By Libby Quaid

WASHINGTON (AP) — The U.S. Food and Drug Administration plans, according to this story, to brief industry groups in advance of an announcement Thursday morning that it has decided that food from cloned animals is safe to eat and does not require special labeling. The FDA indicated it would approve cloned livestock in a scientific journal article published online earlier this month.

Consumer groups say labels are a must, because surveys have shown people to be uncomfortable with the idea of cloned livestock. However, FDA concluded that cloned animals are “virtually indistinguishable” from conventional livestock and that no identification is needed to judge their safety for the food supply.

Barb Glenn of the Biotechnology Industry Organization was cited as saying labels should only be used if the health characteristics of a food are significantly altered by how it is produced, adding, “The bottom line is, we don’t want to misinform consumers with some sort of implied message of difference,” Glenn said. “There is no difference. These foods are as safe as foods from animals that are raised conventionally.”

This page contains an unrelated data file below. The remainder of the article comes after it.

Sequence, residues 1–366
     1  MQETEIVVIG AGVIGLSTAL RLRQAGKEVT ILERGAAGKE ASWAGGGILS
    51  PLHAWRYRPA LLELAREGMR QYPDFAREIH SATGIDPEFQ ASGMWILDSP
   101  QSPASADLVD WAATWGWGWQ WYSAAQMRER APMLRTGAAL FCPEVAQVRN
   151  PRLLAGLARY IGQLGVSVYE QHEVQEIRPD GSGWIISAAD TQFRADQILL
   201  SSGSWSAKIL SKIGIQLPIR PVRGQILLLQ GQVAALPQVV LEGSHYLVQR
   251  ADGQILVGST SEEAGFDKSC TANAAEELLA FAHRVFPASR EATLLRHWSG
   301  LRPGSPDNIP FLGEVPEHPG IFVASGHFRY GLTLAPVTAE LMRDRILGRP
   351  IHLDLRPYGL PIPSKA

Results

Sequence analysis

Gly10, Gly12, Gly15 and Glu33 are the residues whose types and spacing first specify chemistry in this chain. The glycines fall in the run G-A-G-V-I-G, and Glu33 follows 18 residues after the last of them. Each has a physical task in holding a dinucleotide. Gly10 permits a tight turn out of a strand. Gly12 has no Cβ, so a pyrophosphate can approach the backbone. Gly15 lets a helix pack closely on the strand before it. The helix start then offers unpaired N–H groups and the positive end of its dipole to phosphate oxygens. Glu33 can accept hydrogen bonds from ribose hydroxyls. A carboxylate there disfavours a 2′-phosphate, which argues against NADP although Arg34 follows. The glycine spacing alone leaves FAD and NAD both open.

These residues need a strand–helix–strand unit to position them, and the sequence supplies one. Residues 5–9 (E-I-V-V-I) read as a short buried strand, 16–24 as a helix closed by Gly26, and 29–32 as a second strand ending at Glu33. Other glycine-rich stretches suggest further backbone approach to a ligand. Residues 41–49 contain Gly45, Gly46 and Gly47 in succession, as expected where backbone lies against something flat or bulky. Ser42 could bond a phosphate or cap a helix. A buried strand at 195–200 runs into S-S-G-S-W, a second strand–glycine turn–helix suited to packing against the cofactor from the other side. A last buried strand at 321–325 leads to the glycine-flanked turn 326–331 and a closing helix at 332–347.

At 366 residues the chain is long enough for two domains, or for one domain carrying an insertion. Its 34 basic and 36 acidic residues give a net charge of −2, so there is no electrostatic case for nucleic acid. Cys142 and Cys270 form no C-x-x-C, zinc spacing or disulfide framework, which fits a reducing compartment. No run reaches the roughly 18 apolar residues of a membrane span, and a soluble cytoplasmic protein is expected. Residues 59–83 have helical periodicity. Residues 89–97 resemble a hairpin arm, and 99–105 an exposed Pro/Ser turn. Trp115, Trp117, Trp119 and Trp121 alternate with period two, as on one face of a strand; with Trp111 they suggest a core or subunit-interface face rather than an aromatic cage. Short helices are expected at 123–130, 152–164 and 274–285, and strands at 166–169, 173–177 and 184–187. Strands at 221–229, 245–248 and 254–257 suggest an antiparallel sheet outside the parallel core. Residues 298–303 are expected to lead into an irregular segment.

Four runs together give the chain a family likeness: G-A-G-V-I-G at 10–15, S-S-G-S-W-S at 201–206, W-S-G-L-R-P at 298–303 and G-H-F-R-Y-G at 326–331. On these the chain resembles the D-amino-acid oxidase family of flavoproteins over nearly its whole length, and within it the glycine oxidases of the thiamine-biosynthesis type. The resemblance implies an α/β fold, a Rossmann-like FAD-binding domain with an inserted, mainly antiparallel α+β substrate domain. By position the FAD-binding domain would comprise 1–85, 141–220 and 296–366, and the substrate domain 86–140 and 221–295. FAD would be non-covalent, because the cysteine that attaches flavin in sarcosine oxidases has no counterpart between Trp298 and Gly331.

Joseph Mendelson, legal director of the Center for Food Safety, was quoted as saying, “Consumers are going to be having a product that has potential safety issues and has a whole load of ethical issues tied to it, without any labeling.”

Carol Tucker Foreman, director of food policy at the Consumer Federation of America, was cited as saying the FDA is ignoring research that shows cloning results in more deaths and deformed animals than other reproductive technologies.

The consumer federation will ask food companies and supermarkets to refuse to sell food from clones, she said.

Patricia A. Doyle DVM, PhD
Bus Admin, Tropical Agricultural Economics
Univ of West Indies

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